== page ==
man. He was. . . He was one of us.
He was a man who loved the outdoors,
and bowling, and as a surfer explored
the beaches of southern California
from Redondo to Calabassos. And he
was an avid bowler. And a good
friend. He died--he died as so many
of his generation, before his time.
In your wisdom you took him, Lord.
As you took so many bright flowering
young men, at Khe San and Lan Doc
and Hill 364. These young men gave
their lives. And Donny too. Donny
who. . . who loved bowling.
Walter clears his throat.
And so, Theodore--Donald--Karabotsos,
in accordance with what we think
your dying wishes might well have
been, we commit your mortal remains
to the bosom of.
Walter is peeling the plastic lid off the coffee can.
the Pacific Ocean, which you loved
AS HE SHAKES OUT THE ASHES:
Goodnight, sweet prince.
The wind has blown all of the ashes into the Dude, standing
just to the side of and behind Walter. The Dude stands,
frozen. Finished eulogizing, Walter looks back.
Shit, I'm sorry Dude.
He starts brushing off the Dude with his hands.
Heretofore motionless, the Dude finally explodes, slapping
Walter's hands away.
Goddamnit Walter! You fucking
Dude! Dude, I'm sorry!
The Dude is near tears.
You make everything a fucking
Dude, I'm--it was an accident!
The Dude gives Walter a furious shove.
What about that shit about Vietnam!
Dude, I'm sorry--
What the fuck does Vietnam have to
do with anything! What the fuck
were you talking about?!
Walter for the first time is genuinely distressed, almost
Shit Dude, I'm sorry--
You're a fuck, Walter!
He gives Walter a weaker shove. Walter seems dazed, then
wraps his arms around the Dude.
Awww, fuck it Dude. Let's go bowling.
Also, the scene in the bowling alley where Jesus Quintana accuses Walter and The Dude of pulling 'bush league psych out' stuff is classic. Based on this scene, I am now convinced that John Turturro could take a dramatic role in a dramatic film playing a total psycho and at the very least get nominated for an academy award for it.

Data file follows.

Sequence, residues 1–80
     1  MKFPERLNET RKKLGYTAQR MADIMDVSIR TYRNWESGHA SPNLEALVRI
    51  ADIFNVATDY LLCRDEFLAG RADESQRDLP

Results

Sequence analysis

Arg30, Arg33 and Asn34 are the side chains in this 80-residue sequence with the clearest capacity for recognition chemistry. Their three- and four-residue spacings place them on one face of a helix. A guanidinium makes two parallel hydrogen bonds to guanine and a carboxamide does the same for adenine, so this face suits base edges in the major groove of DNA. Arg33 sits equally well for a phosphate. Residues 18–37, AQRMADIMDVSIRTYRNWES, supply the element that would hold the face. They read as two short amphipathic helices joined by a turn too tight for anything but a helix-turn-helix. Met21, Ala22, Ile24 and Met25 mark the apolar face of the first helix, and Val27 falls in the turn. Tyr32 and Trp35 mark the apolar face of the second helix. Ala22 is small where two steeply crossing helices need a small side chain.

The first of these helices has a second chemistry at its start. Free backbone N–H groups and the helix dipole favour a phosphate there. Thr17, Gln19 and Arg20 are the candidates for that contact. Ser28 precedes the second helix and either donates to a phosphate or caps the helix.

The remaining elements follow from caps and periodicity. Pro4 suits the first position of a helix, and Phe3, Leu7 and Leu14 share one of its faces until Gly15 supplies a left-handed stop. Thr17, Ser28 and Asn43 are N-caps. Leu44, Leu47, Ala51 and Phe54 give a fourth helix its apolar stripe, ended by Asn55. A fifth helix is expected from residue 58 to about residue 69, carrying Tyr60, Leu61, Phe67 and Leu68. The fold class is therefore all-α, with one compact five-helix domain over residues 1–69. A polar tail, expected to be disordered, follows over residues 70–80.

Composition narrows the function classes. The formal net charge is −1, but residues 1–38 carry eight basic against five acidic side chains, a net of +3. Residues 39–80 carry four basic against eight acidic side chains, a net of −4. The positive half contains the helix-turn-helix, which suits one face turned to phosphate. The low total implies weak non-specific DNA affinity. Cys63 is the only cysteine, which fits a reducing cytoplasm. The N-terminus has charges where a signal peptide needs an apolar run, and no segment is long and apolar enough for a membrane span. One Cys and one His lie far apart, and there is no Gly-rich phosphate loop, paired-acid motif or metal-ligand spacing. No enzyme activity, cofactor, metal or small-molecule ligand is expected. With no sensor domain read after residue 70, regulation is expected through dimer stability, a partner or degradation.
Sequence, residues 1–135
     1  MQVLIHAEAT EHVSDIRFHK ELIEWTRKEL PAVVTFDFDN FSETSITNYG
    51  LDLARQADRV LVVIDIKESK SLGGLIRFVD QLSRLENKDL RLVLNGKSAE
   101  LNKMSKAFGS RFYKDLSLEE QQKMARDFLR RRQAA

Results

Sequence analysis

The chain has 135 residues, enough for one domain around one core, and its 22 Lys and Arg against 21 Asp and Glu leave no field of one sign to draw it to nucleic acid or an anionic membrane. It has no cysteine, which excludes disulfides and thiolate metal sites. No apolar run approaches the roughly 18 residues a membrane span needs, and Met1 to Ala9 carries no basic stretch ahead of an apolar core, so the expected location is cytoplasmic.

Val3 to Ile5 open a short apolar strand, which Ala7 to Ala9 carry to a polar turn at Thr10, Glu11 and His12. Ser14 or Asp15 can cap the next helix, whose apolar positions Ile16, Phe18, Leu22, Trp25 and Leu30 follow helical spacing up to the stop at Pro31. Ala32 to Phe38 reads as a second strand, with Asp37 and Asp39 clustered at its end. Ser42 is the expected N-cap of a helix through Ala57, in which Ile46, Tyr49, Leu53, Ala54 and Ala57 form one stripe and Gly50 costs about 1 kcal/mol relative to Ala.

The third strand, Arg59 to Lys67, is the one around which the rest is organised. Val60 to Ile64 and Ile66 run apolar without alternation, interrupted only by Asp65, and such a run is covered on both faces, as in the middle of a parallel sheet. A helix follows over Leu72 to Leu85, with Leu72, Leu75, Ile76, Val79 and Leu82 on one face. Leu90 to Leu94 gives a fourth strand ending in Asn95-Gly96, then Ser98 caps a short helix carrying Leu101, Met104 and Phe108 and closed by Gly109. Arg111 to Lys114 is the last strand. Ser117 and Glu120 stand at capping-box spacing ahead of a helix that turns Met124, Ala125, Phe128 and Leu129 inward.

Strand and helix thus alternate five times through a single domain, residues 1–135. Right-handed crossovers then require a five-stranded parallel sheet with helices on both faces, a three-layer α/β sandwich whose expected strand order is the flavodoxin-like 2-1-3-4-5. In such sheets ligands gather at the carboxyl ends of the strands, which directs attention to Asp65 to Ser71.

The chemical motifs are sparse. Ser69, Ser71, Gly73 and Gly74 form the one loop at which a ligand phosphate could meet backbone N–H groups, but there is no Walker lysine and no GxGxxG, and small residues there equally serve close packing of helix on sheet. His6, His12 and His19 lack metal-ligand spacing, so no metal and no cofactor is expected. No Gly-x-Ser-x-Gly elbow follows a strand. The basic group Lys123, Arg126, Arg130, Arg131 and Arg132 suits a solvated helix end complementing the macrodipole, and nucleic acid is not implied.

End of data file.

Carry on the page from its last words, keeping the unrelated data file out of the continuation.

DUDE AND WALTER
Each with a beer at the scoring table.
Sure you'll see some tank battles.
But fighting in desert is very
different from fighting in canopy
I mean 'Nam was a foot soldier's war
whereas, uh, this thing should be a
fucking cakewalk. I mean I had an
M16, Jacko, not an Abrams fucking
tank. Just me and Charlie, man,
eyeball to eyeball.
That's fuckin' combat. The man in
the black pyjamas, Dude. Worthy
Who's in pyjamas, Walter?
Shut the fuck up, Donny. Not a bunch
of fig-eaters with towels on their
heads tryin' to find reverse on a
Soviet tank. This is not a worthy--
The Dude and Walter look.
Quintana is bellowing from the lip of the lane, and is
restrained by O'Brien.
What's this "day of rest" shit, man?!
Walter looks at him innocently.
What is this bullshit, man? I don't
fucking care! It don't matter to
Jesus! But you're not fooling me!
You might fool the fucks in the league
office, but you don't fool Jesus!
It's bush league psych-out stuff!
Laughable, man! I would've fucked
you in the ass Saturday, I'll fuck
you in the ass next Wednesday instead!
He makes hip-grinding coital motions as O'Brien leads him
You got a date Wednesday, man!
Walter, his head cocked, and the Dude, peeking over his
shades, watch him go.
You ready to be fucked, ma'?!?!
Going back to the Bearded One, I can understand the hate towards WotW because I felt so incredibly frustrated by the ending (I mean, WHY? If he can feed an innocent kid to a shark why not let a feckless one be killed in warfare?) but upon reflection there were some great moments in this below par film.
I loved the way Cruise arrives back at his house after the opening attack in what is viewed as insignificant dust t be scrubbed off, just like how the aliens view us on Earth. I loved the way they were forced out of the car by the crowd of people, everybody thinking only of themselves. I loved the long shot of them weaving between broken down traffic on the freeway beforehand too. And I may be one of the few who thought Tm Robbins character really added something good to the film and appreciated the resolution to that plot strand.
So overall, it may be a sub-par film but Spielberg still has some great moments in it.
Also, Duel is a fantastic debut, wracking the tension up to breaking point and never feeling the need to give the antagonist a back story or superhuman abilities.